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|Publisher||Five Star (US hardback)|
|Media type||Print (Hardback)|
|Pages||313 p (hardback)|
|LC Class||PS3513.R6545 L26 1996|
Last of the Duanes is a 1914 novel by Zane Grey.
Last of the Duanes is the original version of The Lone Star Ranger. Originally written in 1913, it was rejected by Munsey's Magazine as too violent. The manuscript was reworked and published as the serial "The Rangers of the Lone Star" early in 1914; later that year, Grey sold the original story to The Argosy. Grey combined the two serials into his 1915 novel The Lone Star Ranger, the first of his works to top a best-seller list. In 1996 Last of the Duanes was published in its original form.
Buckley "Buck" Duane is the son of a famous Texas gunslinger, a fact that brings him almost nothing but trouble. Duane shoots a man who threatens him and flees the law. He mixes with outlaws while clinging desperately to the last of his principles. He rescues a girl named Jennie from the hands of an outlaw king, but loses her in the escape. He then wanders aimlessly, desperation growing as the worth of life slips away.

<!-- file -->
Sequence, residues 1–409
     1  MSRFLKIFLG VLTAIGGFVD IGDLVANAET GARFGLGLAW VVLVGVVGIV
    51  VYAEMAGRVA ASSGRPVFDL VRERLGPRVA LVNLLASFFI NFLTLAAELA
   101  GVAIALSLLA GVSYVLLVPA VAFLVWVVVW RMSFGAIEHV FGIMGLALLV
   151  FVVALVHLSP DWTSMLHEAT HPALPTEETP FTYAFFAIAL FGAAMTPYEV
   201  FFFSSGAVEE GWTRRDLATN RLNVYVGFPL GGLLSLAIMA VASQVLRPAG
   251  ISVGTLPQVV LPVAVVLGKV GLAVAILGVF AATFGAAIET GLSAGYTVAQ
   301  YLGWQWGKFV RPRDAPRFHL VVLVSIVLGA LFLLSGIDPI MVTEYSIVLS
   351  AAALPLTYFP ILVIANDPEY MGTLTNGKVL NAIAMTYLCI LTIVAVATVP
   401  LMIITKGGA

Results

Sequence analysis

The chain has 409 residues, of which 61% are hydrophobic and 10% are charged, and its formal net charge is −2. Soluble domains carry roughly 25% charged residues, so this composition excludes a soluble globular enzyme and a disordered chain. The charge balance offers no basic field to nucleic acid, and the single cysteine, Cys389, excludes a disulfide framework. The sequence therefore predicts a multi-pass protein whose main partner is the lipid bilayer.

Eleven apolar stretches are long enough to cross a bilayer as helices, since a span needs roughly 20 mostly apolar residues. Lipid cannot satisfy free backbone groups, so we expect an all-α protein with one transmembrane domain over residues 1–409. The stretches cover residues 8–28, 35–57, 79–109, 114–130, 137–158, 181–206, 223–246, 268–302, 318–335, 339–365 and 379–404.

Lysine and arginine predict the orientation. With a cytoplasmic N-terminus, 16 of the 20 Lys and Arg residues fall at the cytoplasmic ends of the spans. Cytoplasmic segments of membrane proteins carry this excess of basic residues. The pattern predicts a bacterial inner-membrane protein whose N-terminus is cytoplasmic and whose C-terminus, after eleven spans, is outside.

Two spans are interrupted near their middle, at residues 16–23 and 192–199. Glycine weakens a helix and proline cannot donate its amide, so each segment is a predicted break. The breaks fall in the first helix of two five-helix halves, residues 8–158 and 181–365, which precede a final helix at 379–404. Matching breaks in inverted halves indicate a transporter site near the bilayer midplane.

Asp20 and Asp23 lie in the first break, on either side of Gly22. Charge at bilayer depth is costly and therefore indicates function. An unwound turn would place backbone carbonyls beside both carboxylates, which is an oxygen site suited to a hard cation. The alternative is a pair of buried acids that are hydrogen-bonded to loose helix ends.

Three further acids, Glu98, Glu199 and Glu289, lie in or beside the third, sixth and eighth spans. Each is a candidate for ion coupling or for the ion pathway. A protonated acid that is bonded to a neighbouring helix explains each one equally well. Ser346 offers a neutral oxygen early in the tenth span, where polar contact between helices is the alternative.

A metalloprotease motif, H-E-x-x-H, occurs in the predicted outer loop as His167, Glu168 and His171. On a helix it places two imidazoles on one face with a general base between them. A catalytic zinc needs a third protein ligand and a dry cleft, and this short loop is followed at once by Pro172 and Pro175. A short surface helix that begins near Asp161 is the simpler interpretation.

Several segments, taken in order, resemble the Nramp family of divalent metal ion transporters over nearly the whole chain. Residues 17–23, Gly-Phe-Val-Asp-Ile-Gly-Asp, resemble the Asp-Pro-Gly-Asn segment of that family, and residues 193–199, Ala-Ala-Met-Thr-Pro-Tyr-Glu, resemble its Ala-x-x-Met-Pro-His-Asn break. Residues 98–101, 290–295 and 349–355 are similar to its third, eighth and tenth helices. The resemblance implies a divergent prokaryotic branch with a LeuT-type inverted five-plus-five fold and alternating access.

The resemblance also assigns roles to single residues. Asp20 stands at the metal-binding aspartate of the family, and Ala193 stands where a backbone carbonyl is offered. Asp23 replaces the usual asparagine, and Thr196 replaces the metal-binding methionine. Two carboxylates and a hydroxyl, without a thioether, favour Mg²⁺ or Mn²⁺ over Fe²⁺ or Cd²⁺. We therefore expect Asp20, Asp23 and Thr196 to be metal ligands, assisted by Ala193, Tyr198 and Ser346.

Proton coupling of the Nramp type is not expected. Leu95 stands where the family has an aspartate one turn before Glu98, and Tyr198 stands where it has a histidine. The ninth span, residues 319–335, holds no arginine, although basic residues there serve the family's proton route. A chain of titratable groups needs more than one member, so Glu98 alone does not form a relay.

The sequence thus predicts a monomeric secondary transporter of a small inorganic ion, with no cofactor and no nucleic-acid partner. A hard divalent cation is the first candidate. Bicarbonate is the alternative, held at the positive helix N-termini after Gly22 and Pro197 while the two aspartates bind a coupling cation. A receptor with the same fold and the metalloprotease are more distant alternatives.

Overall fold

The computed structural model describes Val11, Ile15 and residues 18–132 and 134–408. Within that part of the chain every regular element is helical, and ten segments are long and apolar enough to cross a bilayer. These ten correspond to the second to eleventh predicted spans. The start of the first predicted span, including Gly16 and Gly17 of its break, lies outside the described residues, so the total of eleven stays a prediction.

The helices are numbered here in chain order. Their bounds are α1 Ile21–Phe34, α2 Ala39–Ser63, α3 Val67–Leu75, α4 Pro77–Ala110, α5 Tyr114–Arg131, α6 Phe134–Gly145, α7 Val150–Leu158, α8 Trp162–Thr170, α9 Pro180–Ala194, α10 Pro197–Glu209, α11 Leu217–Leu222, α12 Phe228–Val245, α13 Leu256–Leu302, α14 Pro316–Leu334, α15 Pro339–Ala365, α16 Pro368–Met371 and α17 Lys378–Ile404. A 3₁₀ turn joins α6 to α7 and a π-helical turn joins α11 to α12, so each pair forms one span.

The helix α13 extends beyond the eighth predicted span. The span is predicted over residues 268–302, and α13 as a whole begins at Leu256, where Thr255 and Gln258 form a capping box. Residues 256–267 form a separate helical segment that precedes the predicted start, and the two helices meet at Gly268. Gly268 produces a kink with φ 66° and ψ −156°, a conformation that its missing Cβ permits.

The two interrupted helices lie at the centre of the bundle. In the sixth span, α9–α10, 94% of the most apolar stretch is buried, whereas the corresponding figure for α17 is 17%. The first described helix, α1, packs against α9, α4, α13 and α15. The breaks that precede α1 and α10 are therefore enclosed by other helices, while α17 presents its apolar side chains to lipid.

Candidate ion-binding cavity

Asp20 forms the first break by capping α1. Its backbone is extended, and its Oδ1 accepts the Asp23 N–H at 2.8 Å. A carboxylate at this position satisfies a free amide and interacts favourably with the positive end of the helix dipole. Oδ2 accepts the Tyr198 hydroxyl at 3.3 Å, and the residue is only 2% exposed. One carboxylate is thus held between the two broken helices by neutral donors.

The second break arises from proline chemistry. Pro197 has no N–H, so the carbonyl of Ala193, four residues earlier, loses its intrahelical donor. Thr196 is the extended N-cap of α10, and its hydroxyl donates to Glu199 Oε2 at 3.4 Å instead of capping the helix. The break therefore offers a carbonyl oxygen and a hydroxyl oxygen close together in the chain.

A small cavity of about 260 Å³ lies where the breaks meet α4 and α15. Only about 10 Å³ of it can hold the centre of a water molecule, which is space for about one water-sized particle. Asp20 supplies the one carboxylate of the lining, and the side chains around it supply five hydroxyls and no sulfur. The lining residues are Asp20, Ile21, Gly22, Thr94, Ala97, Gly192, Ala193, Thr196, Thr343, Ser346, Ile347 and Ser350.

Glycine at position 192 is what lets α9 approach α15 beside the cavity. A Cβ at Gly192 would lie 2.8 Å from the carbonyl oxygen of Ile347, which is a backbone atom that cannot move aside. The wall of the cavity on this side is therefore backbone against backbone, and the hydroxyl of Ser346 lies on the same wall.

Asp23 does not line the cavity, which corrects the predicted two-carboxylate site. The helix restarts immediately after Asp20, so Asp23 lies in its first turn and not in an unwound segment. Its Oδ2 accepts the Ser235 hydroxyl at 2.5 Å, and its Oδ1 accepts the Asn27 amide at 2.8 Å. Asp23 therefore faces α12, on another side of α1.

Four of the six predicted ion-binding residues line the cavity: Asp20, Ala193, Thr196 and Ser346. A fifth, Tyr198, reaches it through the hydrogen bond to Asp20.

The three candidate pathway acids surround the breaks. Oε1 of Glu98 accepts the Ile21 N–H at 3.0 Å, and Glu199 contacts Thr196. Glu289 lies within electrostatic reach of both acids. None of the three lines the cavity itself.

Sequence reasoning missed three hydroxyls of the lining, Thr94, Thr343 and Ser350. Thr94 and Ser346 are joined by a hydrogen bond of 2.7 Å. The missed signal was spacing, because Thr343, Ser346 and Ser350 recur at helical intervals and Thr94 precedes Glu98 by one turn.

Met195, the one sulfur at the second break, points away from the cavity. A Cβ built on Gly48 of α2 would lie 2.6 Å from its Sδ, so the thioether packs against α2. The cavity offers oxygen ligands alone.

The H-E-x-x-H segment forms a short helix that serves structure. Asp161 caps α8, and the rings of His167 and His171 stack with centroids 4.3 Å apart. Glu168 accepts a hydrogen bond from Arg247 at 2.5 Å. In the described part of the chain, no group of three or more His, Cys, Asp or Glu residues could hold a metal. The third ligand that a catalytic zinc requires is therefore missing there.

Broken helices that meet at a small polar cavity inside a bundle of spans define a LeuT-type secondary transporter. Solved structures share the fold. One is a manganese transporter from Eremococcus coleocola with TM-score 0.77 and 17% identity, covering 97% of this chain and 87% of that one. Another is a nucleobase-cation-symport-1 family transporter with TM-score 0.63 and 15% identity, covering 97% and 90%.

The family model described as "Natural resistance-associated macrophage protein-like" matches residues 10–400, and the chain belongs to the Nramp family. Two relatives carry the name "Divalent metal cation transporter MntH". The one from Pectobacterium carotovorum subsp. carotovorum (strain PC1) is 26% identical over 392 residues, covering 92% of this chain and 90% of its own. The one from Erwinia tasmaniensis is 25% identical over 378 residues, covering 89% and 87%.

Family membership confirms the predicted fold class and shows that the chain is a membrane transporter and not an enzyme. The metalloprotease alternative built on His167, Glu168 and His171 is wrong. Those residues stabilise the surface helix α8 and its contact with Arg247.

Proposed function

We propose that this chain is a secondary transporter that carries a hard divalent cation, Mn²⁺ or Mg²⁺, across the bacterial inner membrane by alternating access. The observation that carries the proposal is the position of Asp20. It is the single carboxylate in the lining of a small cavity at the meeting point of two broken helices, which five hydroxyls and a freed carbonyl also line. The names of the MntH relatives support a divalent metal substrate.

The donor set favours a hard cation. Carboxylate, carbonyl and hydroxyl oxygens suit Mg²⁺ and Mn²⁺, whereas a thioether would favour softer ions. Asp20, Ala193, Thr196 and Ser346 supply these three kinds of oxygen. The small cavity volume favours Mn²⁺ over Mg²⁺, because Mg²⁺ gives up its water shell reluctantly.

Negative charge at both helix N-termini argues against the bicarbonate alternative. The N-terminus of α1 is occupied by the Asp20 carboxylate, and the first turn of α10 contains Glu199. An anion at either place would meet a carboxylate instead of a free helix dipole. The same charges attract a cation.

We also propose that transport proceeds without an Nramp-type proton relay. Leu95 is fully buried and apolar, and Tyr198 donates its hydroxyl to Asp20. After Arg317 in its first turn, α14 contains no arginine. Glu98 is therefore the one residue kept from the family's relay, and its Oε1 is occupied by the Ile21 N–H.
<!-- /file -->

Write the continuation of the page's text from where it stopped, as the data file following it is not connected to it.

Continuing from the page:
- Buck Duane; son of a famous Texas gunman turned outlaw who quickly gains a deadly reputation of his own.
- Jennie; a girl being held captive by outlaws high in the mountains.
- Bland; outlaw rustler who controls a beautiful, inaccessible mountain valley.
- Euchre; an old outlaw living high in the mountains who befriends Duane and helps plot Jennie's escape.
- Cheseldine; an outlaw king and rival of Bland's.
- MacNelly; a captain of the Texas Rangers who's searching for Buck Duane.
The coming of law and order on the American frontier leads to a clash of values as the very self-sufficiency of the frontiersmen leads them to break the law. Once broken, the outlaw starts a downward spiral that erodes his humanity as he runs from a harsh justice to an even harsher frontier filled with desperate men. Grey delves into the life of the gunman, examining what makes them dangerous both to themselves and to those around them.
The Zane Grey novel was adopted into a film four times. The first was a 1919 silent film adaptation starring William Farnum, followed by a 1924 adaptation with Tom Mix, a 1930 adaptation starring George O'Brien, and a 1941 adaptation featuring George Montgomery.
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